clay-shaw_web.jpgTALLAHASSEE — He was a Republican statesman credited with the kind of bipartisanship that enabled him to collaborate with members of the opposite party in Fort Lauderdale’s early 2000s airport expansion, including the cellphone lot that opened in 2006 and was considered his idea.

He was credited with the cleanup of drinking water pollution in predominantly African-American Riviera Beach, including ensuring that the company responsible for the contamination paid for it. Before that city taxpayers financed removal of the cancer-causing chemicals leaked for decades by manufacturers into the city’s water supply, while in a classic case of environmental racism, Environmental Protection Agency officials dithered.

Former U.S. Rep. Clay Shaw, a longtime veteran of Congress, died Sept. 10 at Holy Cross Hospital in Fort Lauderdale following a lengthy battle with lung cancer, his family said in a statement. He was 74.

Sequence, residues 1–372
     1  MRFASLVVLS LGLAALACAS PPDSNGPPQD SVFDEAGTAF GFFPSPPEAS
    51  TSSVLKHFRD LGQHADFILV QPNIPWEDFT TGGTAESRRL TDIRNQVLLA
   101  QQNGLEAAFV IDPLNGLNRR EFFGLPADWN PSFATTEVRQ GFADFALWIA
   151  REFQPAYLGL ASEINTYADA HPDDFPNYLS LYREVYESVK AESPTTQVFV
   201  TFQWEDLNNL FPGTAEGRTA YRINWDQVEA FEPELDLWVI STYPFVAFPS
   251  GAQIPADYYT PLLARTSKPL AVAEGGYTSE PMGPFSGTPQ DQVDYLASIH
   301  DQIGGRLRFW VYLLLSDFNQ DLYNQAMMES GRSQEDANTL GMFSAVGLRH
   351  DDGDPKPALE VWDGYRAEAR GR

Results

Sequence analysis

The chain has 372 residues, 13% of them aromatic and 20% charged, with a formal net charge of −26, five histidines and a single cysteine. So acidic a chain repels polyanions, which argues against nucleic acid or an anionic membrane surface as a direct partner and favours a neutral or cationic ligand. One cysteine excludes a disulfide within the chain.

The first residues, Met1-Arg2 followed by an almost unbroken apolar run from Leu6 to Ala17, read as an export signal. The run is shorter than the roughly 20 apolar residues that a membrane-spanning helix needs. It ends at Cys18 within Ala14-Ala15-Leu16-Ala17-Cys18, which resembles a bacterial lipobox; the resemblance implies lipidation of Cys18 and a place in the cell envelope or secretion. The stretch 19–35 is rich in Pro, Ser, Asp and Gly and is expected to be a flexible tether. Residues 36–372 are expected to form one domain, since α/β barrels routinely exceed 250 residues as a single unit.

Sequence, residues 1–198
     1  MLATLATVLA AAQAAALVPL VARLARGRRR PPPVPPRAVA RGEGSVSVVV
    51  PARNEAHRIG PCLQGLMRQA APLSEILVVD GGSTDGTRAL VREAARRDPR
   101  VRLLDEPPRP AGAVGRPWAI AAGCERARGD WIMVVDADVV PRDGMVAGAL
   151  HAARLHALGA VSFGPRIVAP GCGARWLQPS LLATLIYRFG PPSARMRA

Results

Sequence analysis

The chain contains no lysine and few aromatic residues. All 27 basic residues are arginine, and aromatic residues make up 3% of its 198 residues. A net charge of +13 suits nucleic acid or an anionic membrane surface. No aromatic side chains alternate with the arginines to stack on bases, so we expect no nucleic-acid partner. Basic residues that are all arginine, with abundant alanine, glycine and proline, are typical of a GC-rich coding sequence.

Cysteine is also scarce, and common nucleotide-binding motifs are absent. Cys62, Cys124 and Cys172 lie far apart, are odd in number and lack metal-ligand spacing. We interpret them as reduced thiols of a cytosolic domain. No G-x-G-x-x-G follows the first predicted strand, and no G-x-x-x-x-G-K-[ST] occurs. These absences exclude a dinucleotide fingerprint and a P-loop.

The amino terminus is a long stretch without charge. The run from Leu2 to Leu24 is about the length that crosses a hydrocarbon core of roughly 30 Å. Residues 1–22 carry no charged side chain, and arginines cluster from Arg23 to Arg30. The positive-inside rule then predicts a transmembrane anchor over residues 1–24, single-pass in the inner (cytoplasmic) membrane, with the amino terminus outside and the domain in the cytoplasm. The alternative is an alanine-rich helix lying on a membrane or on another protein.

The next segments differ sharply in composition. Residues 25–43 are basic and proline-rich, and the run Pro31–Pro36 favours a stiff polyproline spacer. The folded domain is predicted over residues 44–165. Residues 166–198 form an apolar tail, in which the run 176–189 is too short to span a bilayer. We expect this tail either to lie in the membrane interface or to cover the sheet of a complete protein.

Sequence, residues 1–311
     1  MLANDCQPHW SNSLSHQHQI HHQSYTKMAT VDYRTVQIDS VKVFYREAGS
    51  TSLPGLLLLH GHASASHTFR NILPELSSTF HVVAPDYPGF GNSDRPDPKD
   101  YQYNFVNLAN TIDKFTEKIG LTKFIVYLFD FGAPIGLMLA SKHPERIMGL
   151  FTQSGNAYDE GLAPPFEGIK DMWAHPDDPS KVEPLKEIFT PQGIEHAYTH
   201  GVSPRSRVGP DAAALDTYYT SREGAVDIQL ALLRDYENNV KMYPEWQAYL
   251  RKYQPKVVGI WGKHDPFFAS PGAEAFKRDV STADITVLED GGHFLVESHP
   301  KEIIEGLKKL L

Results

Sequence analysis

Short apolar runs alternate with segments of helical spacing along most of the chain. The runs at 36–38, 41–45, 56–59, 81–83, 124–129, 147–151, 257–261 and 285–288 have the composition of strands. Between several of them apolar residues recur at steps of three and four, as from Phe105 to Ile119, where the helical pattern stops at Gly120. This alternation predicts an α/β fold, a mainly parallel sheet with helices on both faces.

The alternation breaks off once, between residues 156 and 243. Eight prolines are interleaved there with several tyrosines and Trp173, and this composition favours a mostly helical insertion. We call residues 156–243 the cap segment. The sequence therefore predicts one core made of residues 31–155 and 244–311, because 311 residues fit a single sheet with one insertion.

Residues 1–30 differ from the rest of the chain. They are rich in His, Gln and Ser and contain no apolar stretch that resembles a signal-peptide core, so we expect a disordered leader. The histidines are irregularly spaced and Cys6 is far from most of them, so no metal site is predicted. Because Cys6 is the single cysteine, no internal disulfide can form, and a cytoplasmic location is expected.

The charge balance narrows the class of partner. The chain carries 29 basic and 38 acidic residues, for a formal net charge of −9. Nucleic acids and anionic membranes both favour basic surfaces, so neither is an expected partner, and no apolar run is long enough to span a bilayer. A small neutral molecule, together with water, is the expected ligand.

Shaw was born in Miami and earned degrees, including a law degree, from Stetson University while also earning a MBA from the University of Alabama.

He spent 26 years in Washington, representing Broward County and part of Palm Beach County, and was among the first in a line of Republicans who helped transform Florida from a state dominated by just one political party into the battleground state that it is today.

Shaw held positions in the city of Fort Lauderdale, including mayor, before riding into office with President Ronald Reagan in 1980. He survived several spirited challenges to his South Florida seat only to finally lose his spot during a Democratic wave in 2006.

“Clay cherished his time in the U.S. Congress representing the people of South Florida,” said his wife Emilie Shaw in a statement. “He was a devoted family man setting a fine example for our 15 grandchildren. They will always be proud of Clay’s love of country.”

One of Shaw’s standout moments was his role in sponsoring and helping shepherd in 1996 a contentious bill to reform the nation’s safety net known as welfare. He is survived by his wife Emilie, four children and 15 grandchildren.